[ARTICLE] A Systematic Review of International Clinical Guidelines for Rehabilitation of People With Neurological Conditions: What Recommendations Are Made for Upper Limb Assessment? – Full Text

Background: Upper limb impairment is a common problem for people with neurological disabilities, affecting activity, performance, quality of life, and independence. Accurate, timely assessments are required for effective rehabilitation, and development of novel interventions. International consensus on upper limb assessment is needed to make research findings more meaningful, provide a benchmark for quality in clinical practice, more cost-effective neurorehabilitation and improved outcomes for neurological patients undergoing rehabilitation.

Aim: To conduct a systematic review, as part of the output of a European COST Action, to identify what recommendations are made for upper limb assessment.

Methods: We systematically reviewed published guidance on measures and protocols for assessment of upper limb function in neurological rehabilitation via electronic databases from January 2007–December 2017. Additional records were then identified through other sources. Records were selected for inclusion based on scanning of titles, abstracts and full text by two authors working independently, and a third author if there was disagreement. Records were included if they referred to “rehabilitation” and “assessment” or “measurement”. Reasons for exclusion were documented.

Results: From the initial 552 records identified (after duplicates were removed), 34 satisfied our criteria for inclusion, and only six recommended specific outcome measures and /or protocols. Records were divided into National Guidelines and other practice guidelines published in peer reviewed Journals. There was agreement that assessment is critical, should be conducted early and at regular intervals and that there is a need for standardized measures. Assessments should be conducted by a healthcare professional trained in using the measure and should encompass body function and structure, activity and participation.

Conclusions: We present a comprehensive, critical, and original summary of current recommendations. Defining a core set of measures and agreed protocols requires international consensus between experts representing the diverse and multi-disciplinary field of neurorehabilitation including clinical researchers and practitioners, rehabilitation technology researchers, and commercial developers. Current lack of guidance may hold-back progress in understanding function and recovery. Together with a Delphi consensus study and an overview of systematic reviews of outcome measures it will contribute to the development of international guidelines for upper limb assessment in neurological conditions.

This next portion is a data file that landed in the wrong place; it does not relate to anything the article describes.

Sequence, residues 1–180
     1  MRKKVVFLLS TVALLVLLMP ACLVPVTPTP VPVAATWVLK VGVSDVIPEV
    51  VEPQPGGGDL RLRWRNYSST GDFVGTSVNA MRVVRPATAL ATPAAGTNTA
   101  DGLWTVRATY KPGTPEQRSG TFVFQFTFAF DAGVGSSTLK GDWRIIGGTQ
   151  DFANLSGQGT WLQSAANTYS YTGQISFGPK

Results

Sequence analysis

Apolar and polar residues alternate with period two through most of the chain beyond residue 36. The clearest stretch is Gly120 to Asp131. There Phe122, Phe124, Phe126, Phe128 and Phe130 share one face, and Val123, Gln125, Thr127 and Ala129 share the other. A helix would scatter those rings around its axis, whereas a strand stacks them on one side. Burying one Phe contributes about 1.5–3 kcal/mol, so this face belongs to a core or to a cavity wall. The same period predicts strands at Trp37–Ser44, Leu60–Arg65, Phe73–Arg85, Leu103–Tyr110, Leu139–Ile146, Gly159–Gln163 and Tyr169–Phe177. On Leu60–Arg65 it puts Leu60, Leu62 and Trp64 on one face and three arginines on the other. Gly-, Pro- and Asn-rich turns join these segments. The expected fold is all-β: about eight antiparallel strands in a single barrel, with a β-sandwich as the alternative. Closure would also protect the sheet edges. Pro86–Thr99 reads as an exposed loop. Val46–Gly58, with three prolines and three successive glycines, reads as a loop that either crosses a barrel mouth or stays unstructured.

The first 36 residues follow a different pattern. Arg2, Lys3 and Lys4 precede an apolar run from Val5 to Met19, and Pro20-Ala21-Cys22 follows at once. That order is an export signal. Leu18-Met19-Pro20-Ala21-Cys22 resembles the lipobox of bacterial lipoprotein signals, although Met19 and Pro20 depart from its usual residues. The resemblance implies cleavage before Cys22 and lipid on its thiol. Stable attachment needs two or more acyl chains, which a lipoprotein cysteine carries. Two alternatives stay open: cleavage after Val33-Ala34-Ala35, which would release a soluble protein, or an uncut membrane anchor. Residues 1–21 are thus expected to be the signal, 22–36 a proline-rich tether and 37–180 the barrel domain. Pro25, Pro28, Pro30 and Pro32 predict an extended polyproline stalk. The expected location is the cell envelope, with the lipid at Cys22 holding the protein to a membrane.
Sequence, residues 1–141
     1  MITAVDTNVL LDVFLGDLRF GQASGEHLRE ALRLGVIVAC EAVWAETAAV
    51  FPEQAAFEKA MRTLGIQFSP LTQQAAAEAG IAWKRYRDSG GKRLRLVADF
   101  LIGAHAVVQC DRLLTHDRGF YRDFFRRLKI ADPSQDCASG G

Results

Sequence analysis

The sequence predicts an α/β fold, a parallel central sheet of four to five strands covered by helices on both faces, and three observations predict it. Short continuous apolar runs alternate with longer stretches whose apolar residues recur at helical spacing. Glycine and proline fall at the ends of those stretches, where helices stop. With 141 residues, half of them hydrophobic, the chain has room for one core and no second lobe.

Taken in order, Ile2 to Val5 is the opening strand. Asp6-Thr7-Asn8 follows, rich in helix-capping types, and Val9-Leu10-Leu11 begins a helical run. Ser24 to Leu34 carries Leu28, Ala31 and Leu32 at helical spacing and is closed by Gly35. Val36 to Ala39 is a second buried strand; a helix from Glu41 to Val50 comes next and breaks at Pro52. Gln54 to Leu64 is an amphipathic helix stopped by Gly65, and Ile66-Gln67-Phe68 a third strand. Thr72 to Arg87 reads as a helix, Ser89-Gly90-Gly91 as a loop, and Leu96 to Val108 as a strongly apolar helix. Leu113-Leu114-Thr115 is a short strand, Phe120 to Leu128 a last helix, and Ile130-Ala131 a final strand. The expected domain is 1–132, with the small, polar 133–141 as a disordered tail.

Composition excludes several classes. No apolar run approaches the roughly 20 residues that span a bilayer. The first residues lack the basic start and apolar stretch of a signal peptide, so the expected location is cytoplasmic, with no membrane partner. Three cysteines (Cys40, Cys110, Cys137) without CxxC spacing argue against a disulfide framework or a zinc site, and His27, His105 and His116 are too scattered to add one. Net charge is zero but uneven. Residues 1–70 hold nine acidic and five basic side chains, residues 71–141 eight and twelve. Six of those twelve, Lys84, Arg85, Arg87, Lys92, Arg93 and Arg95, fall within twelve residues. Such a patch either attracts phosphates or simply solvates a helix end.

Worldwide prevalence of stroke in 2010 was 33 million, with 16.9 million people having a first stroke, of which 795,000 were American and 1.1 million European (1). It has been estimated that approximately one third of people fail to regain upper limb capacity, despite receiving therapy (2). This has important implications for both individuals and the wider society as reduced upper limb function is associated with dependence and poor quality of life for both patients and carers (35) and impacts on national economies (6).

While stroke has the highest prevalence, other neurological conditions such as Multiple Sclerosis (MS), Spinal Cord Injury (SCI), and Traumatic Brian Injury, have a significant incidence and there are often similarities in presentation, and treatment and therefore assessment. The worldwide incidence of SCI is 40–80 cases per million population and the estimated European mean annual rate of MS incidence is 4.3 cases per 100,000 (7). Recently, Kister et al. (8) reported that 60% of people with MS have impaired hand function. The impact of upper limb dysfunction on ADL is higher than in stroke, as both sides are often affected (9). Although dysfunction after SCI depends on level of injury, upper limb function is consistently cited as a health priority. The incidence rate of TBI in Europe is about 235 per 100,000 population (10). Outcome data among European countries are very heterogeneous. From the US however, it is known that about 1.1% of the population suffer a TBI resulting in long term disability (11).


Continue —>  Frontiers | A Systematic Review of International Clinical Guidelines for Rehabilitation of People With Neurological Conditions: What Recommendations Are Made for Upper Limb Assessment? | Neurology

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